CHICAGO (CN) – In an unusual opinion that included pictures of a businessman and an ostrich with their heads buried in the ground, the 7th Circuit chastised two lawyers who failed to mention relevant circuit precedent in their briefs.
The court’s opinion addressed two multidistrict class actions transferred to foreign courts at the request of the defendant corporations on the doctrine of forum non conveniens.
Monica del Carmen Gonzalez-Servin, et al v Ford Motor Company belongs to a series of cases arising out of car accidents allegedly caused by defects in tires installed on Ford vehicles in Latin America.
The 7th Circuit notes that U.S. District Judge Sarah Evans Barker in Indianapolis booted a case after “deciding that the Mexican courts would be a more appropriate forum for the adjudication of [a] lawsuit by Mexican citizens arising from the death of another Mexican in an accident in Mexico.”
U.S. District Judge John Grady in Chicago likewise determined that Israel was a more suitable venue for Yehuda Kerman, et al v Bayer Corporation, et al, which involves HIV-contaminated blood products consumed by Israeli hemophiliacs.
Seeking to keep their cases on U.S. soil, the plaintiffs appealed to the 7th Circuit. But both failed to adequately acknowledge Abad v Bayer Corp., a precedential ruling the court issued in 2009 that affirmed Judge Barker’s decision to transfer a similar product liability class action to Argentina.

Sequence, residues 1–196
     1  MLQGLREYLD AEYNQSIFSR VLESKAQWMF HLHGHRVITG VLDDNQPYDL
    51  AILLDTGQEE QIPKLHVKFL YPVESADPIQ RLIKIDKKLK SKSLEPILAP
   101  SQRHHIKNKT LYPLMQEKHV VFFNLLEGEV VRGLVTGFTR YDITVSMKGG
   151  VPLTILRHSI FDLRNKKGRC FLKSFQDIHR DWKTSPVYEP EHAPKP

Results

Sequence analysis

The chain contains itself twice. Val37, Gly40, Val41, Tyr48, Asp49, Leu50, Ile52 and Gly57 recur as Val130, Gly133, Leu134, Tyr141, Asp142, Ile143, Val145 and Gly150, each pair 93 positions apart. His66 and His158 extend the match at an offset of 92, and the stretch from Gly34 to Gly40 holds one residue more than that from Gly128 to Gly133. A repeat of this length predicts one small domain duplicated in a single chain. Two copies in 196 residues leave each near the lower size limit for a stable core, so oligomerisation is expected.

Plaintiffs suing Ford case simply ignored Abad, despite repeated references to the case by the automaker, which accurately contended that the case was “nearly identical” to their case. Abad also received little attention from the Israeli hemophiliacs suing Bayer.
The maneuver did not go unnoticed by the federal appeals court. “When there is apparently dispositive precedent, an appellant may urge its overruling or distinguishing or reserve a challenge to it for a petition for certiorari but may not simply ignore it. We don’t know the thinking that led the appellants’ counsel in these two cases to do that,” Judge Richard Posner wrote.
“There are likely to be additional such appeals; maybe appellants think that if they ignore our precedents their appeals will not be assigned to the same panel as decided the cases that established the precedents. Whatever the reason, such advocacy is unacceptable.”
In a humorous addition, characteristic of Judge Posner, the opinion concludes with two images. A picture of an ostrich with its head buried in the sand immediately precedes a suit-clad mad doing the same.
“The ostrich is a noble animal, but not a proper model for an appellate advocate,” Posner wrote. “The ‘ostrich-like’ tactic of pretending that potentially dispositive authority against a litigant’s contention does not exist is as unprofessional as it is pointless.”